Adena over at AllPointsBlog states “While we try to understand the implications of the new offerings [from Google, Microsoft and Yahoo!], letÃ¢â‚¬â„¢s not forget that geospatial apps run on data as fuel. And, just like gasoline, the price of premium data is still high.”
This blog entry ties in nicely with some of the discussions we had back in the first 5 episodes about the importance of the data in addition to the technology providing them.
Geodata Changes at Google
An article over at ScienCentral discusses the use of simulations to determine the probability of earthquakes along the California coast. More of a Geology topic, but interesting non-the-less.
ScienCentral: Earthquake Forecasts
James over at Spatially Adjusted comments on an article by Dave Bouwman that discusses the differences in the user bases between the traditional GIS software and the new web map interfaces. Summary…ESRI and other GIS software has a given user base that will never be satisfied with the minimalist capabilities that Virtual Earth or Google Earth have. At the same time most of the folks using MapQuest, Google Local and others will rarely need to conduct a network analysis on a trout streams to determine population migration (not that I have either). I would like to say that we have mentioned this in the podcast, but we have done enough episodes that I am just not sure. Head over and give it look.
Spatially Adjusted: Dave Bouwman on the GIS Long Tail
Yahoo! has joined the podcast search community with there new Yahoo! Podcasts Beta. This works fairly well and looks like it is trying to be the Technorati for podcasts.
Shownotes – Episode 12
October 09, 2005
Main Topic: Geographic education in mid career and interdisciplinary shift in Geography
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Continue reading “Show notes for AVSP Episode 12”
Main topic: Geographic education ramblings. News: Census outsourcing, Digital Globe satellites, Google Local, Shapefiles in VE
The Canadian Association of Geographers is the main professional organization for Geographers from the public and private sectors in Canada. They are active in disseminating geographic research and promoting geographic education. They have 14 study groups that focus on specific areas ranging from marine studies to diversity and 5 regional divisions. Annual membership includes 4 issues of The Canadian Geographer and 6 issues of the newsletter all for the first time member price of $84 and student price of $45 (all prices Canadian dollars).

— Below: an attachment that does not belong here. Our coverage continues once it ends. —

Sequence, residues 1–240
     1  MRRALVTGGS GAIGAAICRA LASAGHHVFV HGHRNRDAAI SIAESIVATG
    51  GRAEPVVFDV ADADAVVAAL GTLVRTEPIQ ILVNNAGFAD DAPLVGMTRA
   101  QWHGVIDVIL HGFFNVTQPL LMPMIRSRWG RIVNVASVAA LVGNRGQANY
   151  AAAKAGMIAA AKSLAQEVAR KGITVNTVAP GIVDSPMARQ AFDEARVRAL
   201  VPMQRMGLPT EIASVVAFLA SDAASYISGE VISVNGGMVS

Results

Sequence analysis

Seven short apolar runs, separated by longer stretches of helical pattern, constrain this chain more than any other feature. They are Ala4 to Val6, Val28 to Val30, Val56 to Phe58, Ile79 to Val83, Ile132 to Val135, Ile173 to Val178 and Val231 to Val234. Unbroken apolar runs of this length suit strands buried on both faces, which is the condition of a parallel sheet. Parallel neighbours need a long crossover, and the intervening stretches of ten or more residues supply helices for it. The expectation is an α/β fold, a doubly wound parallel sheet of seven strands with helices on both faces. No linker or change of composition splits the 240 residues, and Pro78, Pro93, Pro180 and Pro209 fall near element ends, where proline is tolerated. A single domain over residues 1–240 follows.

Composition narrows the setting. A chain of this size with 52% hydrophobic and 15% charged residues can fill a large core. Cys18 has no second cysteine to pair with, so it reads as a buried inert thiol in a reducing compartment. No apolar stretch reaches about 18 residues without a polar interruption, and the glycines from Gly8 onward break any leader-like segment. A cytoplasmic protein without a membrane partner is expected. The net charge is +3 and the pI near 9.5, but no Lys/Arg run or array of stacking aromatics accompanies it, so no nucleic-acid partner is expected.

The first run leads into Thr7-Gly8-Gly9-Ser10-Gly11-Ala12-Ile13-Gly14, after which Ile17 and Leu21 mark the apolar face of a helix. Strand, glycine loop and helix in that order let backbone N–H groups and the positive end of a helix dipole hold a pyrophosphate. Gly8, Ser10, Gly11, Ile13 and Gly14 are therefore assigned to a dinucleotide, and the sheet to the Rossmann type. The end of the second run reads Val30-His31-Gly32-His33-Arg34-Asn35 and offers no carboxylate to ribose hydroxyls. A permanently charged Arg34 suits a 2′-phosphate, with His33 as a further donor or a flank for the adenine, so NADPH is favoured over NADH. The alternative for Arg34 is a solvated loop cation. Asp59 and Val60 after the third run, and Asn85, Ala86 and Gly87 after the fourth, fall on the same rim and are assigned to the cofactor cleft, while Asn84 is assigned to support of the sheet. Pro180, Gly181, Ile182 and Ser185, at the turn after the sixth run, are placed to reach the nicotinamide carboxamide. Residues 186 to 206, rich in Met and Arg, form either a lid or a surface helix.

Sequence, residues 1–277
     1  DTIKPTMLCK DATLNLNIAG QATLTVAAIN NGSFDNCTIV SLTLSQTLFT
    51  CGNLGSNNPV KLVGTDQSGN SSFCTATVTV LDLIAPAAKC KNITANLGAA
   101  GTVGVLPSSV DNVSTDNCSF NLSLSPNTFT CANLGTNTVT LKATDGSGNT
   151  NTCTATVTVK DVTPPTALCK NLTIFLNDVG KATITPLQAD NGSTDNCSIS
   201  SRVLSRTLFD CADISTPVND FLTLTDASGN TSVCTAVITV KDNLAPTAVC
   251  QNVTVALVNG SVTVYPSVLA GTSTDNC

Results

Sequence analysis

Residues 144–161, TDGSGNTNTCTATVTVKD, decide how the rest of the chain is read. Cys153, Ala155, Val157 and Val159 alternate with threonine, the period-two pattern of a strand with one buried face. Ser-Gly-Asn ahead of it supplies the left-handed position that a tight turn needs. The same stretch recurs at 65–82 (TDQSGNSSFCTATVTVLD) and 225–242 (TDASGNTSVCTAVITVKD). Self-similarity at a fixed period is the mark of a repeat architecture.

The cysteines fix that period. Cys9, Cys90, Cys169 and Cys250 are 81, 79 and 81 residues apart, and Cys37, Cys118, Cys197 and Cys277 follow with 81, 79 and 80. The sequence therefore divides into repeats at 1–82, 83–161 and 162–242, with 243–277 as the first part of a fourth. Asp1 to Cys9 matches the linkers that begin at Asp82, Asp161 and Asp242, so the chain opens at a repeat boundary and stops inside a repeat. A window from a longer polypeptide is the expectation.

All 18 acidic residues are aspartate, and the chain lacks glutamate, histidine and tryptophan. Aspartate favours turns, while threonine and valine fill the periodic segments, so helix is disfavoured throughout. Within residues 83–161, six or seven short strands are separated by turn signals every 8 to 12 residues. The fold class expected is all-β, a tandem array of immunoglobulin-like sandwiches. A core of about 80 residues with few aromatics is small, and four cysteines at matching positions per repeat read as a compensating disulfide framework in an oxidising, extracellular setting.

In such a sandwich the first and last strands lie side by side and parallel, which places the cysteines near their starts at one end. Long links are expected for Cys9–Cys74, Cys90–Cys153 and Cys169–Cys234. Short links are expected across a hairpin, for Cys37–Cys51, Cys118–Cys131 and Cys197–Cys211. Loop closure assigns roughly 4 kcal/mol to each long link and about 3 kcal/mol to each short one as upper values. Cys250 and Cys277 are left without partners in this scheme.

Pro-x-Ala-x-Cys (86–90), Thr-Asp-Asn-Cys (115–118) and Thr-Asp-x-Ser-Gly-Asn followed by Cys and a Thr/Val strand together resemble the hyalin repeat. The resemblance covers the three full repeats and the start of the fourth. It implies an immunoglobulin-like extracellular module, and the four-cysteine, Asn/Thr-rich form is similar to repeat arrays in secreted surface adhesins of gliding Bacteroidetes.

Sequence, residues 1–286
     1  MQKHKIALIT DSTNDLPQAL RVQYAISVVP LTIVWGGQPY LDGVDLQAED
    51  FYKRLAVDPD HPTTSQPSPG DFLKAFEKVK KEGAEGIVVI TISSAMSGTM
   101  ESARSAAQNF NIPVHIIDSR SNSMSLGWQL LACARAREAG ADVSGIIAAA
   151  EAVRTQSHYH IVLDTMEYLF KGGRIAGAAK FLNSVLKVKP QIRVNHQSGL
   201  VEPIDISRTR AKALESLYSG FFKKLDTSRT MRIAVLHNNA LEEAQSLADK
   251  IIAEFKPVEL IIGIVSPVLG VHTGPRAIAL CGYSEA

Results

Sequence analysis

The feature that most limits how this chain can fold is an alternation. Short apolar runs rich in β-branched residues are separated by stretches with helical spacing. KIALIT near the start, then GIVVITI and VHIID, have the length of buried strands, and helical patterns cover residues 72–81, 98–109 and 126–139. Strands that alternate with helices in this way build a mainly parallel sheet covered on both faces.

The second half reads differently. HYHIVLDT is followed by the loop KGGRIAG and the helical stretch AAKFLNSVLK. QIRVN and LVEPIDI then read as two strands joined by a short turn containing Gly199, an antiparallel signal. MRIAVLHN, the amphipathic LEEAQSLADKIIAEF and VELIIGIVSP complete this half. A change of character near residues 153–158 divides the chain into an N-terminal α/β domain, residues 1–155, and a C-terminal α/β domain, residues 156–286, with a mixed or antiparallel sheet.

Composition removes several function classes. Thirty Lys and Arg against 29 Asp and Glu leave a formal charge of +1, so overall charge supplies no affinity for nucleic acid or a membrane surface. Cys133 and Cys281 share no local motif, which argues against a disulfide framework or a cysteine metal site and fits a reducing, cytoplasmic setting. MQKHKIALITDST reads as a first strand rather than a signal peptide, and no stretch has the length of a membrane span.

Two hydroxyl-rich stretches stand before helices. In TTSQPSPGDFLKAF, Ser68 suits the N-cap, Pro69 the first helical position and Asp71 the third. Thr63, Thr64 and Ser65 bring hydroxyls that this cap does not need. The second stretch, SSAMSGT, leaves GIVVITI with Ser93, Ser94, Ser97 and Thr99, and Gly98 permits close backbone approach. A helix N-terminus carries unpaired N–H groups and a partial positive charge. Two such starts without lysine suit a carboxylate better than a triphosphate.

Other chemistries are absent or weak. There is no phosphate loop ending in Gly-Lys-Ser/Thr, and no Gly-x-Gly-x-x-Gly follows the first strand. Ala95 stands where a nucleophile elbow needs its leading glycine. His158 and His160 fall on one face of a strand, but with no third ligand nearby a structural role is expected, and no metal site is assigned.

The CAG holds an annual meeting in the late spring, apparently on the same dates, May 29 to June 2. The next meeting will be in Thunder Bay, Ontario. Check out the web page to find out more
The Canadian Association Of Geographers — The Canadian Geographer
Shownotes – Episode 11
October 02, 2005
Main Topic: Global warming
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Continue reading “Show notes for AVSP Episode 11”
We received an email from a Redmond employee who created a Virtual Earth shapefile loader. This has been pointed to by several sites including James at Spatially Adjusted. If I hadn’t been a slacker for the last week I would have already blogged it…
Spatially Adjusted: Putting Shapefies into Virtual Earth
I have gone back and forth between using an aggregator (currently SharpReader) and just going to the web sites of my various sites. The great thing about an aggregator is that you don’t have to worry about wandering from page to page, folks can send you RSS links or OPMLs for you to import and check out, and you can group your different areas of interest into groups. The problem I have is that I don’t connect as well with the information that I am looking at. I am just as likely to delete a post in the aggregator that I would read every word of on the web page. I am not sure if this is a case of experience or what.
To bring it back to something we talked about on the podcast, I see the aggregator as a space, whether it is SharpReader or MyYahoo, which I have little connection to and therefore seem to have little connection to the content that I view there. The individual websites then are analogous to cyber-places where I have had interactions with the site design, the content creators, and, heaven forbid, the advertisers. I think this has a little to do with the story that each site or cyber-place sets up from post to post. An odd comparison, but one that I am sure a geographer of cyberspace has mentioned. In the end I will keep using my aggregator, but I will pop into a site every now and then just to look around even though I have probably read all of the posts on the site…